The Rogue Corner: Jund Persist Primer

Léo "Moudou" Bartolomé
28/04/2023 · 18 min read

1. The Plan

It all starts with a new card.

For many people who may not have thought about it too much, this card might seem as though it was primarily designed for Jund Creativity, but the reality is different.

Jund Creativity already has access to four Bitter Reunion of which we often only play three, proving that we don't particularly need more of this effect, this card digs less into the deck, is not easy to flip, and overall, creating a treasure token is not a problem for Creativity. So thank you, but no thank you.

But we've inadvertently touched upon the crux of the issue. There was a somewhat enjoyable version of Jund Creativity that was showing up for a week or two, some time ago, as follows:

The idea behind this deck was that we need more creatures in the deck to consistently use Reunion on them, and that hard-casting Titan worked much better than Archon (and even allowed for ramping towards Archon in the worst-case scenario).

Archon of Cruelty
5.77 Tix
Primeval Titan
1.88 Tix

Of course, the deck was disastrous, adding randomness to a Creativity is only desirable if the effect is very powerful (like Iona, etc.), not to mention adding Valakut to the mana base. However, the concept of adding more creatures to strengthen the Persist plan wasn't entirely off the mark. But if the goal is to assemble a creature + Reunion + Persist combo, even if we add more creatures to the deck, there are still two other aspects to complete, so the idea never really took off.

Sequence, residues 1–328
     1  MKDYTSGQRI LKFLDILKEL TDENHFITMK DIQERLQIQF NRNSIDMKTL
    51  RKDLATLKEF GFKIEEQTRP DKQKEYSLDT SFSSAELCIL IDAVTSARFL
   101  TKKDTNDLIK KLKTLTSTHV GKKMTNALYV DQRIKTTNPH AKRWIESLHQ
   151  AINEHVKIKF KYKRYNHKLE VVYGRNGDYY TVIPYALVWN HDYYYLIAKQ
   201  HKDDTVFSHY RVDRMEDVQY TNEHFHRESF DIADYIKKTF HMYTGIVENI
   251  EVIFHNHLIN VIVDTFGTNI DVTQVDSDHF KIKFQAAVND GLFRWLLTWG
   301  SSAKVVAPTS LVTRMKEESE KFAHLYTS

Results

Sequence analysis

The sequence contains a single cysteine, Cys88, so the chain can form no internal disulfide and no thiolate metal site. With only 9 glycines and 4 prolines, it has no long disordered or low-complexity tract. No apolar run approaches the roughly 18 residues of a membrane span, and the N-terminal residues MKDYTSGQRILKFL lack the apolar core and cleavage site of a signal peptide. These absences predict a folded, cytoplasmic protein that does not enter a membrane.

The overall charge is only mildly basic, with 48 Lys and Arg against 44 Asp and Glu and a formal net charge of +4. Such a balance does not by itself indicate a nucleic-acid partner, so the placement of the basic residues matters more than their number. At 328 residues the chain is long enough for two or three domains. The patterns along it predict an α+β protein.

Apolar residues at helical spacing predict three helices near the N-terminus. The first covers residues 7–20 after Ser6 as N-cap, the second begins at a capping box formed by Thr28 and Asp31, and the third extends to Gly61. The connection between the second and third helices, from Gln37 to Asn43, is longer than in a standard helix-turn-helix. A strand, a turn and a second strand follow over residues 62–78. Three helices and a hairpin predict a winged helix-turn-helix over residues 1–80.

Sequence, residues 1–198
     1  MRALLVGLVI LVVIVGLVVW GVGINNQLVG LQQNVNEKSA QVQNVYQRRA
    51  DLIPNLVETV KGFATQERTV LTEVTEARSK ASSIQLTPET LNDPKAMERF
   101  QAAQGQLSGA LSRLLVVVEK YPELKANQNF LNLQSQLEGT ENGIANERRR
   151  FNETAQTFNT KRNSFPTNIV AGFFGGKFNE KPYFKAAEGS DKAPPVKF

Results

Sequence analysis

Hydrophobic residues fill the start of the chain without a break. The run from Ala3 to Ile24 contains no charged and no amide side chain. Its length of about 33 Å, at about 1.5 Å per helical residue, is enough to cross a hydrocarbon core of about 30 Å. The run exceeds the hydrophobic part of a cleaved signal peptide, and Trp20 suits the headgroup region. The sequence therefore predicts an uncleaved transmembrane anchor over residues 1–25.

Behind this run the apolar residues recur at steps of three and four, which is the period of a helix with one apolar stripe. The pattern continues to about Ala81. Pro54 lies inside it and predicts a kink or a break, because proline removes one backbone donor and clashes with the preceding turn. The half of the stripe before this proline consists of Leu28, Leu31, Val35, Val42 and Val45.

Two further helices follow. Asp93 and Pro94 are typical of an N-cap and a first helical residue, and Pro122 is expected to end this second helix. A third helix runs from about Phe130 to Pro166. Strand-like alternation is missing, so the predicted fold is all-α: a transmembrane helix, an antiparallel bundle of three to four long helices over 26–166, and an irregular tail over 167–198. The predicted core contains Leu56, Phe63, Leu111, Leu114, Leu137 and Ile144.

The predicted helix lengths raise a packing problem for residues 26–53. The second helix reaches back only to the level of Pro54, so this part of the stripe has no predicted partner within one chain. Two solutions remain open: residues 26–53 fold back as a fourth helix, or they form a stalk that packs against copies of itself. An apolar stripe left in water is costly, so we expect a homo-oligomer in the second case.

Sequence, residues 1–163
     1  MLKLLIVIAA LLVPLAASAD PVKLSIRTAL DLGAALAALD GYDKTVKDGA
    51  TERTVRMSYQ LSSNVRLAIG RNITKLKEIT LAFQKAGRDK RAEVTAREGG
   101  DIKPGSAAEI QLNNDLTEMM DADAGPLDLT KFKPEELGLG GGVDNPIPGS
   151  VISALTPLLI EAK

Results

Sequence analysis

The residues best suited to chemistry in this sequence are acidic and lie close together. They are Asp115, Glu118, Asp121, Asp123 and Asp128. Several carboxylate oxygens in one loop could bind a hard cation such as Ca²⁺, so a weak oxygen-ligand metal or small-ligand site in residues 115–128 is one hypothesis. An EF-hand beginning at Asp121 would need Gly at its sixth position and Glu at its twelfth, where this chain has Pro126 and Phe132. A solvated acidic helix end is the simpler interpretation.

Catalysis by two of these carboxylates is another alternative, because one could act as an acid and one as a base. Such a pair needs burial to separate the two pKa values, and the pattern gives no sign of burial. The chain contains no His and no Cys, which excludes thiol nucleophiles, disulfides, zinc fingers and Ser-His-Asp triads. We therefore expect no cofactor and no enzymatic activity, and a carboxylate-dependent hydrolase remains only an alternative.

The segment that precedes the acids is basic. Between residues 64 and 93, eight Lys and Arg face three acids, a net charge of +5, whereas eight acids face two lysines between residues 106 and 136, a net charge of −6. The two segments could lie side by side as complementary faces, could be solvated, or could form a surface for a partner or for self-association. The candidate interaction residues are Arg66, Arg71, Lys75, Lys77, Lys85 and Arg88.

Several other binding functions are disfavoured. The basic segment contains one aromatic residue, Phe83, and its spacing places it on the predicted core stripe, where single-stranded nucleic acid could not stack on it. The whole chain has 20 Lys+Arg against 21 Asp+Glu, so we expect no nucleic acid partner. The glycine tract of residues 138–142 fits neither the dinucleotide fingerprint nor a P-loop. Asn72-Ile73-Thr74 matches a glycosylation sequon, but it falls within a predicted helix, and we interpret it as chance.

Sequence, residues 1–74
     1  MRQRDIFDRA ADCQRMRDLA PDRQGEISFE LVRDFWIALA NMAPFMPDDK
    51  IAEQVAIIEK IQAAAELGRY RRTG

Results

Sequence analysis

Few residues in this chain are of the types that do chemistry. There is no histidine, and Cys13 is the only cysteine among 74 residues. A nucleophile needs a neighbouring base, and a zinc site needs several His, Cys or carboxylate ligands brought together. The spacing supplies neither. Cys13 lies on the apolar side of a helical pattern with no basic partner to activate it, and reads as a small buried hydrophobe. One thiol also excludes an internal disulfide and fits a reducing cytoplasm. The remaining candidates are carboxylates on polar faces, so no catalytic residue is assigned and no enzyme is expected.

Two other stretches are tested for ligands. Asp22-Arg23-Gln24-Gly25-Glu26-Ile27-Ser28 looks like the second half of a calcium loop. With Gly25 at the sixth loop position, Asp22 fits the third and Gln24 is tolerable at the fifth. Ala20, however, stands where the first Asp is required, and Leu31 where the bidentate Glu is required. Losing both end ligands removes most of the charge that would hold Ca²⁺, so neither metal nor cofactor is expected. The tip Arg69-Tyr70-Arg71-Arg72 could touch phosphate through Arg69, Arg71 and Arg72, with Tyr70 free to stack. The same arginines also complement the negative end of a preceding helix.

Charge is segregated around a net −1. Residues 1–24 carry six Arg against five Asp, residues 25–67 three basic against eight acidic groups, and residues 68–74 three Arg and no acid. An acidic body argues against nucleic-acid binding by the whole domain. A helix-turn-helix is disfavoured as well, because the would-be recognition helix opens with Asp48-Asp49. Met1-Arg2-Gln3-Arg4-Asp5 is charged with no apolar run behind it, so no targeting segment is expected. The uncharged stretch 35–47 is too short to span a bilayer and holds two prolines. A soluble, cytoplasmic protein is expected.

0.16 Tix
Bitter Reunion
0.02 Tix

But now, we have twice as many Reunion effects. Moreover, Invasion of Ergamon help us ramp towards Titan, which is far from negligible. With 8 Reunions and 4 Fables, we're starting to dig pretty viciously through the deck to find Persist, and with 7+ creatures, we can assemble the combo quite consistently. We need to make room, so we're dropping Creativity, since as we mentioned, hoping for an Archon and ending up with a Titan is just gross. But now we have a very consistent game plan, and we can reasonably expect it to happen regularly.

And so the deck exists.

The pros:

  • In the mid-term, this deck consistently puts significant pressure on the board by turns 6-7, one way or another.
  • Its gameplan is highly proactive, so you don't need to be deeply familiar with the format to know what to focus on.
  • The “Rummage Into Persist” game plan is consistent enough to improve the percentages in our worst matchups, ensuring we're never completely out of the game against any matchup.
  • The Valakut game plan provides an additional win condition that keeps slower decks in check. This, combined with Wrenn, usually offers enough backup plans to get out of trouble if we get stuck on plan A.
  • Surprisingly, the deck holds up quite well against Blood Moon. We can afford to fetch the basic forest in the early game without severe repercussions, and then cast Invasions, Reunions and Fables to dig through our deck and find those Boseijus. Or just TTB.
  • The sideboard is packed with great options. Green offers some insanely powerful cards for sideboarding, and without the constraints tied to Creativity or Cascade, we are free to draw into whatever we need.